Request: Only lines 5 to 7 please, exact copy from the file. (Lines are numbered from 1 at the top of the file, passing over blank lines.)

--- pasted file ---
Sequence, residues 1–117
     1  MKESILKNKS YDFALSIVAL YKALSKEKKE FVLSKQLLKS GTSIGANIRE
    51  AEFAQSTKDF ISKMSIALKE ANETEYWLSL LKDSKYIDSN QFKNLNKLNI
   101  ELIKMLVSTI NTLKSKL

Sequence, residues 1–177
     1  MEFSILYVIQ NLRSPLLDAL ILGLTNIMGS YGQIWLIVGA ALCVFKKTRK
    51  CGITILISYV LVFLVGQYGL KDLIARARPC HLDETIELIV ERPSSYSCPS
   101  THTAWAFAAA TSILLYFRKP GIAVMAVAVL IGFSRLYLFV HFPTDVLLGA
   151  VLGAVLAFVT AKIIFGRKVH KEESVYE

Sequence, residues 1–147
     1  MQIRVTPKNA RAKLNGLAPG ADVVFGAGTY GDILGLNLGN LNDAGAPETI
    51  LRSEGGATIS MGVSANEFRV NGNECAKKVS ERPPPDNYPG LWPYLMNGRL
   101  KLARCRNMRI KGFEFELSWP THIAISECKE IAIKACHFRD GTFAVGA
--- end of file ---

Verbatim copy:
Sequence, residues 1–177
     1  MEFSILYVIQ NLRSPLLDAL ILGLTNIMGS YGQIWLIVGA ALCVFKKTRK
    51  CGITILISYV LVFLVGQYGL KDLIARARPC HLDETIELIV ERPSSYSCPS